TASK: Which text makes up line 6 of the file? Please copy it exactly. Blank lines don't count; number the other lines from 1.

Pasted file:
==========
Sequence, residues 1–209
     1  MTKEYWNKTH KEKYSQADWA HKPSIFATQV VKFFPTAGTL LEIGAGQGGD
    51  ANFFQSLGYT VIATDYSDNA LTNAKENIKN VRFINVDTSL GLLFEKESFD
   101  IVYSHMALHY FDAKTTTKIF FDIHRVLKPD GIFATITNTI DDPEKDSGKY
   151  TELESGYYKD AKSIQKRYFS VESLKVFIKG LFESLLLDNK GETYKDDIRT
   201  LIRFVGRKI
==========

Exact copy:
   201  LIRFVGRKI